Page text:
Quicken Loans Arena was loud for much of Game 3 on Wednesday night in Cleveland, but time after time, the noise and enthusiasm was dampened by one Kevin Durant, who put on a performance of a lifetime, scoring a playoff career-high 43 points in 43 minutes. All night, it was ridiculous shot after ridiculous shot. And then, with the game winding down, he made the crowd go quiet for good with one more.
The pull-up 3-pointer with less than a minute to put the game away. You’ll recall that Durant hit a similar shot in a similar situation in last year’s finals from almost the exact same spot. When they needed him most, Durant responded—again. Durant was a monster in Game 3 to help the Warriors win 110-102 and put a 3-0 stranglehold on the series.
“It’s a different game, different season, different feel, different vibe around the team,” Durant said about the similarities between Wednesday’s big shot and the one from a year ago. “Everything is just different. … If my shots were there, I just take them patiently and with poise. I found some good spots.”
It was all right there for the Cavaliers. J.R. Smith hit some big shots on offense (though his defense was lacking). Rodney Hood, who played just four minutes in the first two games of the series, emerged from his postseason slumber and made a positive impression for the first time in a while. Kevin Love had a double-double. LeBron James had a triple-double. The Cavaliers were at home, and the building was loud. The Cavs had it—and then Kevin Durant took it away.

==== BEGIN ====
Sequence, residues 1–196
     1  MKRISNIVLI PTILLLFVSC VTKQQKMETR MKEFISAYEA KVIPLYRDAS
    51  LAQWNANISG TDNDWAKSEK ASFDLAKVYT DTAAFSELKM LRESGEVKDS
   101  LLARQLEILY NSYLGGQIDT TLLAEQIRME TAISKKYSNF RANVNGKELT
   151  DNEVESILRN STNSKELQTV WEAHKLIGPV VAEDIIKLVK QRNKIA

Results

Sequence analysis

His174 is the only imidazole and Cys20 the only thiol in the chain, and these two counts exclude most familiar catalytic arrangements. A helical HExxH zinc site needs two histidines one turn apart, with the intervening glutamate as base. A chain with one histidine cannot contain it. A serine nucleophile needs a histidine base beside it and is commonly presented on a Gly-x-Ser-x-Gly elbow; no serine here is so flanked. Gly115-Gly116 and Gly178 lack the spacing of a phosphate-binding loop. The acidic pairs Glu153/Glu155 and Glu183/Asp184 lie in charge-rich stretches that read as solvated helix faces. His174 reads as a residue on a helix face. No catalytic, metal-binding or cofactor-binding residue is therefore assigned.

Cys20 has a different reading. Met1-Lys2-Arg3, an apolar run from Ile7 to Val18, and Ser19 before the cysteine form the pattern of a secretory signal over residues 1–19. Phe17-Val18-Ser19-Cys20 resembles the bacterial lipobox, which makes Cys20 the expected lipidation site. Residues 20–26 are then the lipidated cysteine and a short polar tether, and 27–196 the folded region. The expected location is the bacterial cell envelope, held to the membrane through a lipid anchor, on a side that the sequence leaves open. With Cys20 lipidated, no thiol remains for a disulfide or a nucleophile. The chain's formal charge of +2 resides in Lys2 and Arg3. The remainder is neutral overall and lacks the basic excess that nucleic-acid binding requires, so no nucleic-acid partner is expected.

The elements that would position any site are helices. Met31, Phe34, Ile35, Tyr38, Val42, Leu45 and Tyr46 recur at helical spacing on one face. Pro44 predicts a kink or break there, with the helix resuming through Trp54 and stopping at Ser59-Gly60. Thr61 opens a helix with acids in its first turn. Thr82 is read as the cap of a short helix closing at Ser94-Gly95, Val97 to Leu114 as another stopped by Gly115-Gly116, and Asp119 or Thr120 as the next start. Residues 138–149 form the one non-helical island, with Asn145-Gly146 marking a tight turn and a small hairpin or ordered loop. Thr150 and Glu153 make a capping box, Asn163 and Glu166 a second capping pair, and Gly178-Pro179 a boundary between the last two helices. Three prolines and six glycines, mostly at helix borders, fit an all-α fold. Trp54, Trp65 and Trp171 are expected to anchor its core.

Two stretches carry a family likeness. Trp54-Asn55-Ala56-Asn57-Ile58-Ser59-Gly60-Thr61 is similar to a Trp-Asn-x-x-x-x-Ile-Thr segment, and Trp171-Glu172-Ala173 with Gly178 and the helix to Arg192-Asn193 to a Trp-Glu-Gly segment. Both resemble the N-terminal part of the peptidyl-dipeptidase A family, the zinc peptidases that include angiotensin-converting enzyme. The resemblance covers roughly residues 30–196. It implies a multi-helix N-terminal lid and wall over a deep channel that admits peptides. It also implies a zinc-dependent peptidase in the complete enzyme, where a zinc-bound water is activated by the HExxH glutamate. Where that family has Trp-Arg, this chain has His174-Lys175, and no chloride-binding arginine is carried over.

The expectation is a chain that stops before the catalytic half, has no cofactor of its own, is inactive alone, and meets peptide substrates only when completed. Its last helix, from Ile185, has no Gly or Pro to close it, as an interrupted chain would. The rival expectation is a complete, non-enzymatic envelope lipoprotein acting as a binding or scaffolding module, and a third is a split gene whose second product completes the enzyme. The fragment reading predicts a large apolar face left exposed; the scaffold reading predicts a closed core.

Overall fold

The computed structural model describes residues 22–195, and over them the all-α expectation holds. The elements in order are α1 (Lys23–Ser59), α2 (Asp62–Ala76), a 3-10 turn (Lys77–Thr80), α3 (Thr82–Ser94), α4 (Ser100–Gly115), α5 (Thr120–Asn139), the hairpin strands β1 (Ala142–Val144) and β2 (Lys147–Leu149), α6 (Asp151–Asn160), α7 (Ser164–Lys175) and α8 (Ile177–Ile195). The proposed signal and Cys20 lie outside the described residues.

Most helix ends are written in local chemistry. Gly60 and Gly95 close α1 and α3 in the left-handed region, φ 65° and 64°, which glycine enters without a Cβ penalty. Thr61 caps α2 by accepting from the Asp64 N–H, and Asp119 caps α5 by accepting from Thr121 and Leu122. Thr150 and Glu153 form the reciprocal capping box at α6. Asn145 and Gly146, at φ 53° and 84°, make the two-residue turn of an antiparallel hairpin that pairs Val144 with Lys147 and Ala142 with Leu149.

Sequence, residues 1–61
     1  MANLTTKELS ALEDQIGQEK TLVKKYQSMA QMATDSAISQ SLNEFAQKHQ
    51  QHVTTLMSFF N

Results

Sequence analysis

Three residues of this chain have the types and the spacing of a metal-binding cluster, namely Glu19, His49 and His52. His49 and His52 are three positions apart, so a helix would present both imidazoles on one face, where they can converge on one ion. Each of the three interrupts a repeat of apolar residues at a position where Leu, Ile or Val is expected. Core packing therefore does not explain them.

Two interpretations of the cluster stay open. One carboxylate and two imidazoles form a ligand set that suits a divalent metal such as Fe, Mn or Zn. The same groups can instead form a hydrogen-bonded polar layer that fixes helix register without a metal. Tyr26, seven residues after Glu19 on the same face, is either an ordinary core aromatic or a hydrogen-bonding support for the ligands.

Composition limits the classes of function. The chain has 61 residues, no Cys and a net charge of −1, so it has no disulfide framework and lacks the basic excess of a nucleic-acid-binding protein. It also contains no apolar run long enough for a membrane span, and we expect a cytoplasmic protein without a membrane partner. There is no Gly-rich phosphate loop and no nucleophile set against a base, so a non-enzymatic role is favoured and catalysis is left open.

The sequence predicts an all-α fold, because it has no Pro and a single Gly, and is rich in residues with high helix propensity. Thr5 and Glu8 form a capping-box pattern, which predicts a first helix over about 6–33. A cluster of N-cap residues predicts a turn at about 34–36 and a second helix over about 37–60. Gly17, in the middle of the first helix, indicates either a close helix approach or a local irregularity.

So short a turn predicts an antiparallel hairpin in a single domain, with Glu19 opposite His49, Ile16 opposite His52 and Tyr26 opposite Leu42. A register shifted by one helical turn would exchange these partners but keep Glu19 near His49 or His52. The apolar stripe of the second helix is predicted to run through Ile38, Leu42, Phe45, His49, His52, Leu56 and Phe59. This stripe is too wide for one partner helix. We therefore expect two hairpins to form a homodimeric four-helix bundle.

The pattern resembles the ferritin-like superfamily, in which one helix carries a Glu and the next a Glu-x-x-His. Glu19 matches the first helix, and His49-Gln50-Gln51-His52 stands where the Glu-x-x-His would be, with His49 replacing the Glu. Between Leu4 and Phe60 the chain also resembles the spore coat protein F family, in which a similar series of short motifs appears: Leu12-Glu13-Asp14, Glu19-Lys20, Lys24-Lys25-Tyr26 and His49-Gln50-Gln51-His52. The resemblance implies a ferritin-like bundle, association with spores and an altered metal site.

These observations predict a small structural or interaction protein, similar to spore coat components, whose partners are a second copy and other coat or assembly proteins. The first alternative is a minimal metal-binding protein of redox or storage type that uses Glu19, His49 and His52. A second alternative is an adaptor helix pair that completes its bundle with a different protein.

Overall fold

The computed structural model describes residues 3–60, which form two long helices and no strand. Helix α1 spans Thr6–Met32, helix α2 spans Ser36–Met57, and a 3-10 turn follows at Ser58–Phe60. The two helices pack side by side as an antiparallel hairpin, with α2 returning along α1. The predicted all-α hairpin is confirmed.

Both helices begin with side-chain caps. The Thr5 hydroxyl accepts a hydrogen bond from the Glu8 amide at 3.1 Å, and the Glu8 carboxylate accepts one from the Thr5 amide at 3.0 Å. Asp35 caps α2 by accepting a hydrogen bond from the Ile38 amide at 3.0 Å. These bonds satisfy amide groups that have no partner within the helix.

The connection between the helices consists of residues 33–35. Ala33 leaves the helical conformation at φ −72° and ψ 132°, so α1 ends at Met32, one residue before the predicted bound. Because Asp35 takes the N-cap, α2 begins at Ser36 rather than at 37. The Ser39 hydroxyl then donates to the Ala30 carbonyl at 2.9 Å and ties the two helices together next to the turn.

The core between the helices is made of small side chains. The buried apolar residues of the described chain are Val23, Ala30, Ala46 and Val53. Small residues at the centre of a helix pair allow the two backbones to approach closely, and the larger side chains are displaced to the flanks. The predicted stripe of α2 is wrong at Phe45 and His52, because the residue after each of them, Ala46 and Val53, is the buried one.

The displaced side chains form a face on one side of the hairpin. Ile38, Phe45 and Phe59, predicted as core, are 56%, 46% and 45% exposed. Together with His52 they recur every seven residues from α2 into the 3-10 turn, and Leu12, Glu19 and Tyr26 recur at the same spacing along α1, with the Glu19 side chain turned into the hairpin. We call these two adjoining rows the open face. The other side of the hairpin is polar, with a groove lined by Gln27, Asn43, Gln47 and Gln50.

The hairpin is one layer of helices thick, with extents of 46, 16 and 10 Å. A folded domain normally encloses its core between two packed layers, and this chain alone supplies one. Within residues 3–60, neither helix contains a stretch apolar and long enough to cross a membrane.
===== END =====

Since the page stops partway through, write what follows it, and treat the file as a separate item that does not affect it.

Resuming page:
KD started hot and got hotter. He had 13 points in the first quarter and all seven of the Warriors rebounds in that frame. It was him versus everyone else in the first half; he had 24 points at the break—including a deep 3-ball in Larry Nance Jr.’s face right at the buzzer.
“That was amazing what he did out there tonight,” Steve Kerr said after the game. “I don’t think anybody in the world can hit those but him. He was incredible.”
KD also grabbed 13 rebounds and had seven assists, one of which was a nice look to Draymond Green. (In fairness, one of those assists probably should have been credited to Smith, who made it possible when he got lost while guarding KD.) Durant was everywhere on Wednesday evening. He even offered Nick Young some friendly in-game advice.
Durant has now scored 25 or more points in his first 13 NBA Finals games, joining Michael Jordan and Shaquille O’Neal as the only players to do so. He also became just the third player in postseason history, along with Shaq and LeBron, to score 3,000 points and record 1,000 rebounds before turning 30.